In the meantime the path next to the canal is even an asphalt cycle path again. Quickly I make progress in the warm evening sun, to my right the turquoise blue water of the river and on both sides a green belt of bushes and trees. Behind it are mostly fields with grain, corn or pasture. Some times also swampy forests. Anglers sit on the pier in the surroundings of the small villages. No ships, no traffic. Also on the way I am alone most of the time. A few walkers sometimes, rarely another cyclist.
Just before Berry-au-Bac, the canal makes a wide bend. Here I sit down on the embankment in the shade of a tree and make dinner. Then I drive the bend around. A riverboat is about to moor on the bank of the canal. Two more are already lying here. A nice anchorage for a quiet night. Next to the canal there is a mill, whose pipes for blowing flour end at the canal. I wonder if they’ll all be loading here tomorrow. Behind it I meet the Aisne – the canal flows into the river with a lock. Or not really. This is also a canal, the Canal lateral a l’Aisne. On many of the meandering rivers, parallel, dead straight canals were probably built in the 19th century, making navigation possible. Thus, especially in the north-east of France up to Belgium and the Netherlands, there is a branched transport network that is at least partly still used today. But some of the routes are now mainly used for water tourism. The Aisne river runs north of the canal. Over several bridges I drive over the canal mouth T and to the actual river course. There is also a small caravan – parking lot here, including „disposal station“. The Aisne itself is a winding watercourse in the landscape with a small accompanying floodplain forest.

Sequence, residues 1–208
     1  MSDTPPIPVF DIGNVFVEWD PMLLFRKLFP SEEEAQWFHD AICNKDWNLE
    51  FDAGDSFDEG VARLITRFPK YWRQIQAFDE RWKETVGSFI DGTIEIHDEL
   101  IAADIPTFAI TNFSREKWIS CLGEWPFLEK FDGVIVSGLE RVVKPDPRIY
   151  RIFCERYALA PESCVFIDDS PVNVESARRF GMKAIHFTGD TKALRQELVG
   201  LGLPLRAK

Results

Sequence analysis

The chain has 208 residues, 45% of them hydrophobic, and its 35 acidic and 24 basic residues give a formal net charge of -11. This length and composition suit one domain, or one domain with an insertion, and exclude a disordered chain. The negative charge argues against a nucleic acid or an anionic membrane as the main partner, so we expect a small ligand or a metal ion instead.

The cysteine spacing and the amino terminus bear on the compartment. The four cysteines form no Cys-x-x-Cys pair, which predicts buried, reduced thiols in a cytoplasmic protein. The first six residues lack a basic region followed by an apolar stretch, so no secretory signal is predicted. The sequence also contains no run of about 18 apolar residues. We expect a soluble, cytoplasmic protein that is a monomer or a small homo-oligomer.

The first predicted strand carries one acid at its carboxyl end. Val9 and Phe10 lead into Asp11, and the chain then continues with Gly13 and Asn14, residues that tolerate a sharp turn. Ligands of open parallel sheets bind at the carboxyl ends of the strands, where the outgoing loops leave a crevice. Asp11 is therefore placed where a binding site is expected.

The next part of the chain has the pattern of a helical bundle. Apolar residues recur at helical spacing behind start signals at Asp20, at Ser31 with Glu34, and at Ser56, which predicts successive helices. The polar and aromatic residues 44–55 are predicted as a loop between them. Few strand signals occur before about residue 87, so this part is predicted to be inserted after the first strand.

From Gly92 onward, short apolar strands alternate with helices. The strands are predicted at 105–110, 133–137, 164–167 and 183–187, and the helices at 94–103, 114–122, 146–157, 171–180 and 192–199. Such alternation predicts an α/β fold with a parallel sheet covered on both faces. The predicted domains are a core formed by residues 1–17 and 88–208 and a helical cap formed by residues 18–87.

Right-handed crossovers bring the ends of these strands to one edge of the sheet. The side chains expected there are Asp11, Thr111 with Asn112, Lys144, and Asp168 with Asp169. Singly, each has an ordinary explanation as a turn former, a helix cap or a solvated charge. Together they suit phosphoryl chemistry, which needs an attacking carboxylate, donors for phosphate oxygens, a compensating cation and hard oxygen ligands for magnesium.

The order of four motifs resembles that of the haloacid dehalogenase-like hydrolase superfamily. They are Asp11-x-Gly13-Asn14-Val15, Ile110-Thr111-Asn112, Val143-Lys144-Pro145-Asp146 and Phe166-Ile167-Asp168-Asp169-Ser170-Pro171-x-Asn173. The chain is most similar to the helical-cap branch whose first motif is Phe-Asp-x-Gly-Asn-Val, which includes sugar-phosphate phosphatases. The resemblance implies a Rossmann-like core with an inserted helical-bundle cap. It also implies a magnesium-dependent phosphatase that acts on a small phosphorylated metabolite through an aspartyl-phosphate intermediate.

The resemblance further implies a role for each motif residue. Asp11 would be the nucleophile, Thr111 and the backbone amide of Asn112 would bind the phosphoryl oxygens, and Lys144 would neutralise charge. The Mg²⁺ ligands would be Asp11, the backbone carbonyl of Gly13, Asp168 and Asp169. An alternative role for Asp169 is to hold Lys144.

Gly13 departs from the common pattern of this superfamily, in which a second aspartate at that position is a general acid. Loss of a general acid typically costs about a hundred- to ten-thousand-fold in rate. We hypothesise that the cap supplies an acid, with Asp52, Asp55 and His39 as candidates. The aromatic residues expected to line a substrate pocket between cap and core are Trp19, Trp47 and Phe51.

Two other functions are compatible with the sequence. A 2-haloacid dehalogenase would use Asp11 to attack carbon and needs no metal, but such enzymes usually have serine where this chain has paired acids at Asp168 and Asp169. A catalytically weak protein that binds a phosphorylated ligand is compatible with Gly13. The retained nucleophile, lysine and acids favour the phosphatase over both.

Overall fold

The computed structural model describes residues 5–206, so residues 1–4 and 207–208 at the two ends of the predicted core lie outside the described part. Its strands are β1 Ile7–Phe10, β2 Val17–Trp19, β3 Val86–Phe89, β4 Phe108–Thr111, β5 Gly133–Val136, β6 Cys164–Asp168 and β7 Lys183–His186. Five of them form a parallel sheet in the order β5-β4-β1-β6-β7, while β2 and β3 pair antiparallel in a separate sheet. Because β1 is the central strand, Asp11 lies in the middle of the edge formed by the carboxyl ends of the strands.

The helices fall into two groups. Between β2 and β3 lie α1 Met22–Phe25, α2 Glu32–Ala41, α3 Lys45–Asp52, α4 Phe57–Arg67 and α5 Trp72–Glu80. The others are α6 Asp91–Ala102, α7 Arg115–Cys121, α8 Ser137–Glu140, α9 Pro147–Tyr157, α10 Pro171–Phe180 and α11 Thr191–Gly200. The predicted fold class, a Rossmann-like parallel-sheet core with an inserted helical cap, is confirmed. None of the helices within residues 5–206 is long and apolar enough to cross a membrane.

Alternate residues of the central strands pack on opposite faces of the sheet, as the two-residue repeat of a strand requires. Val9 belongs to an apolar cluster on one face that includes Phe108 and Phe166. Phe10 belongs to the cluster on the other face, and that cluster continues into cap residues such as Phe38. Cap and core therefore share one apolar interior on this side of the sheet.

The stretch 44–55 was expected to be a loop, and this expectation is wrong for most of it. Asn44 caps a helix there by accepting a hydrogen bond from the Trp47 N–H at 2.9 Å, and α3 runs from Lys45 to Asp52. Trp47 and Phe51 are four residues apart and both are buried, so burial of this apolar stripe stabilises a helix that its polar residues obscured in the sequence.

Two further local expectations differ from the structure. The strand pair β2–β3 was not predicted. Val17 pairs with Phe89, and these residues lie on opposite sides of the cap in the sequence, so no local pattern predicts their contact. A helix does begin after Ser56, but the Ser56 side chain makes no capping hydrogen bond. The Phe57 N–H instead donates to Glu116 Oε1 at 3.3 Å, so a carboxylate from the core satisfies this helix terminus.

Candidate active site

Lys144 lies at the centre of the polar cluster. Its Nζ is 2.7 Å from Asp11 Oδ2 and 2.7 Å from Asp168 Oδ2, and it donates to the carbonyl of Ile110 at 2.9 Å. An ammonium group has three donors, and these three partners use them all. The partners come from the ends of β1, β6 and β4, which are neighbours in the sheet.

Along the lateral canal there is again a path westwards. This one is mowed, but basically just a strip of meadow, not a real path. This will be too exhausting for me today and it doesn’t look like there will be a good campground here soon. Therefore I drive the 2km back to my dinner place. It is already after eight, but the sun is still warm in the western sky. I have to take advantage of that – I first go swimming in the very clear, refreshing water of the canal. Afterwards I sit on the embankment for over an hour and read with my eReader. After the sun has set and dusk is falling over the land, I push my bike up the embankment and a few meters along the edge of the field behind the bushes. I am always careful not to damage any field plants. Here it is wheat, which is already ripened far. On the lynchet I prepare a lying area and roll out my sleeping bag. I waive the tarp today – it will certainly not rain. With a last look at the starry sky this travel day ends for me.